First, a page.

Friday, June 26, 2020


These people are monsters.
The Trump administration asked the Supreme Court late Thursday to overturn the Affordable Care Act — a move that, if successful, would bring a permanent end to the health insurance program popularly known as Obamacare and wipe out coverage for as many as 23 million Americans.

In an 82-page brief submitted an hour before a midnight deadline, the administration joined Republican officials in Texas and 17 other states in arguing that in 2017, Congress, then controlled by Republicans, had rendered the law unconstitutional when it zeroed out the tax penalty for not buying insurance — the so-called individual mandate.

The administration’s argument, coming in the thick of an election season — as well as a pandemic that has devastated the economy and left millions of unemployed Americans without health coverage — is sure to reignite Washington’s bitter political debate over health care.
This seems like terrible politics at this moment -- but of course the president's reelection strategy is "please the base and no one but the base." I don't think the administration was required to file any kind of brief in this case -- the Trumpers wanted to go on record in opposition to Obamacare.

You may be thinking, Surely they won't throw millions of people off their healthcare coverage just before an election -- especially now.
According to the Thursday report from the Centers for Medicare and Medicaid Services, 487,000 Americans took advantage of the special enrollment period on after losing their healthcare plans, likely among the millions of Americans who lost their jobs during the pandemic. The numbers mark a 46 percent increase from enrollments in April and May 2019.
But remember that this case won't be decided before the election, as Reuters noted a few months ago.
The court is expected to hear arguments and decide the case in its next term, which starts in October and ends in June, meaning a ruling is not likely before the Nov. 3 election in which Trump is seeking a second term in office.
Recent woke-ish rulings from the Court haven't persuaded me that it's moderating. The Court's majority agrees on one thing above all: making life better and better for plutocrats, either directly or by tinkering with our voting systems in order to elect more Republicans (who also have the same prime directive). Large corporations are comfortable with immigrants and LGBT people these days; the recent non-conservative rulings don't conflict with the main reason the GOP Five are on the bench.

The Supremes decided a while back not to hear the Obamacare case on an expedited basis because the GOP majority didn't want to motivate the Democratic base with a ruling striking down Obamacare before the election, or demotivate the Republican base with a ruling upholding it.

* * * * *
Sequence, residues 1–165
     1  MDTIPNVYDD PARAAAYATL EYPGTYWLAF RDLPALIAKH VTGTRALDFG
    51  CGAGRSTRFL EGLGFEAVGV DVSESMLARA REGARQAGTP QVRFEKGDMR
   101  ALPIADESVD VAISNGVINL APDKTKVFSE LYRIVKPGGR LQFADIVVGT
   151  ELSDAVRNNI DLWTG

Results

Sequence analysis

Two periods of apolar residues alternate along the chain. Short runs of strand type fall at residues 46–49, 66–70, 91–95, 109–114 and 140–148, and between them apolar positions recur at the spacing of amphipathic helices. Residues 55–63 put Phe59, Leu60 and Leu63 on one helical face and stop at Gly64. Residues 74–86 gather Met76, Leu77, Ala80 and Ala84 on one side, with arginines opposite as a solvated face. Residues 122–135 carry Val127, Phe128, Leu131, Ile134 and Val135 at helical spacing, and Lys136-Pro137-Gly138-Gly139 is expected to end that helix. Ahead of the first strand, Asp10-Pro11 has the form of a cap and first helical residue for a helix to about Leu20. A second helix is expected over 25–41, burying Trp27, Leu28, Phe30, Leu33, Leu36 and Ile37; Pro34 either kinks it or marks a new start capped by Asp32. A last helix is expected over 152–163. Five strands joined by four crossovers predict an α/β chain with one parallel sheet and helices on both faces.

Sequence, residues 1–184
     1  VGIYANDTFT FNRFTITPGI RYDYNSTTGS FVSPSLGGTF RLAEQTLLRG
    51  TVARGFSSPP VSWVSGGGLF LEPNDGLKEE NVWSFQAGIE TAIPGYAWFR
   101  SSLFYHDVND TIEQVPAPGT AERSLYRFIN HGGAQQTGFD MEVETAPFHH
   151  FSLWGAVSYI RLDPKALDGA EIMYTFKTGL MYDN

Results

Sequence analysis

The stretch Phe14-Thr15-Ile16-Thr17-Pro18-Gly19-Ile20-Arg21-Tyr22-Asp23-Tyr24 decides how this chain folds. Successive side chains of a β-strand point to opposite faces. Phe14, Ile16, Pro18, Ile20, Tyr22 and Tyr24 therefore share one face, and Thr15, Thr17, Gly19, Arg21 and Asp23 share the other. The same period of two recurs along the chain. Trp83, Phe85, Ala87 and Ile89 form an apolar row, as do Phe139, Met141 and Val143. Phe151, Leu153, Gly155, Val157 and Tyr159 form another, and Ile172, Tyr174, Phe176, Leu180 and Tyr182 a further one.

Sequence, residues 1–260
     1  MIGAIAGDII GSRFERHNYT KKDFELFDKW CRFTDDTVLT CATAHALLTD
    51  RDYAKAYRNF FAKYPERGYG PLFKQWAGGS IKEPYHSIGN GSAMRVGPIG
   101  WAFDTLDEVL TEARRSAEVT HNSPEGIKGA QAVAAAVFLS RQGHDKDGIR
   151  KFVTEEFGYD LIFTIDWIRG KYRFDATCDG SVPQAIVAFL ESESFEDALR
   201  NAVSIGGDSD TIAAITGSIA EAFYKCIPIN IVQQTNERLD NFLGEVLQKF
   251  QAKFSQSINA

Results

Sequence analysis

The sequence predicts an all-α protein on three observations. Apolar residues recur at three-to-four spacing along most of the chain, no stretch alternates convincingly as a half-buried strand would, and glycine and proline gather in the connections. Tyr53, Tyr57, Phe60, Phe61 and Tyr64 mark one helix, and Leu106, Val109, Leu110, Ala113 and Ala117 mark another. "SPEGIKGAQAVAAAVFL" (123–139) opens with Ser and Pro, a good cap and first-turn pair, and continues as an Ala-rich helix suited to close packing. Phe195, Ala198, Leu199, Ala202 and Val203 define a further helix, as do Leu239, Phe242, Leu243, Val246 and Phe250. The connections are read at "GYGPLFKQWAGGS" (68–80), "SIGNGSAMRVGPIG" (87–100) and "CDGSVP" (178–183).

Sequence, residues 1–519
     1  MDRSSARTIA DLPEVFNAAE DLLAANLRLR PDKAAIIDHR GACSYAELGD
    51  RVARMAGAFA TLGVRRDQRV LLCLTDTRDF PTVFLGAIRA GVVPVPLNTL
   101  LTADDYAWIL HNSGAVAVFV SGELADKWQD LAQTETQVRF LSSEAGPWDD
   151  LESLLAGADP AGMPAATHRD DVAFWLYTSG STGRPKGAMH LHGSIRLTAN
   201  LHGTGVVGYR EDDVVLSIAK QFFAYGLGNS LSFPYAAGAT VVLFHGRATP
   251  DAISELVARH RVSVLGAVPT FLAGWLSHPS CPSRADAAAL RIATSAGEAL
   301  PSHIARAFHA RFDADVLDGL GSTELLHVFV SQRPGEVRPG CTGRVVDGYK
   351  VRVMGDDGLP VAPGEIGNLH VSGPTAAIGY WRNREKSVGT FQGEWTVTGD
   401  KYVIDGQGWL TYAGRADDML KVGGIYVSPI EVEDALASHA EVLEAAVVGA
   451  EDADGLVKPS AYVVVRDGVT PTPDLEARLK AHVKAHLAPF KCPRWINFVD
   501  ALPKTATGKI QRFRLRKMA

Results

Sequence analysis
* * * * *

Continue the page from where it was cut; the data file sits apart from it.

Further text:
But after the election, all bets are off. I worry that it might be an ideal time to strike down the Affordable Care Act.

I think it depends on the makeup of the Senate next year. The last time I wrote about this, it seemed likely that the Senate would either stay Republican or be barely Democratic, with Joe Manchin as the swing vote. Under those circumstances, it seemed highly unlikely that the Senate could pass Medicare for All, and that an incrementalist alternative to Obamacare wouldn't even be allowed to be as good as Obamacare, according to the Supreme Court. It seemed likely that the Court would drop this ruling as a flaming turd on the new president's doorstep, just as his term was beginning, on the assumption that healthcare coverage would get worse on his watch and he'd be blamed. Win-win for the corporatist sociopaths: They pay less in taxes for health coverage and Democrats suffer at the ballot box in 2022 and possibly 2024.

But a new Senate with a larger Democratic majority -- which now seems possible -- might give the GOP Five pause. If the new Senate eliminates the filibuster, a very progressive alternative to Obamacare might be possible. In that case, the Supremes and their corporate overlords might want to preserve the status quo, out of fear of a possible alternative.

Could a Senate with new Democrats from states like North Carolina and Montana actually pass a progressive healthcare bill? I have my doubts, but the Supremes might have more faith in Democrats' ability to make real change than I do.

If it's a Republican Senate along with President Biden and a Democratic House, I think the ACA is going down. The same is true if Trump wins reelection -- a Trump victory after the year he's had will be proof that Republicans can do whatever they want because they're electorally bulletproof (or have been made so by gerrymandering, the Electoral College, and funny business on tne part of the Barr Justice Department, Facebook, foreign saboteurs, and local Republican election supervisors).

So we need a Democratic sweep to at least save the ACA. Vote the party line in November.

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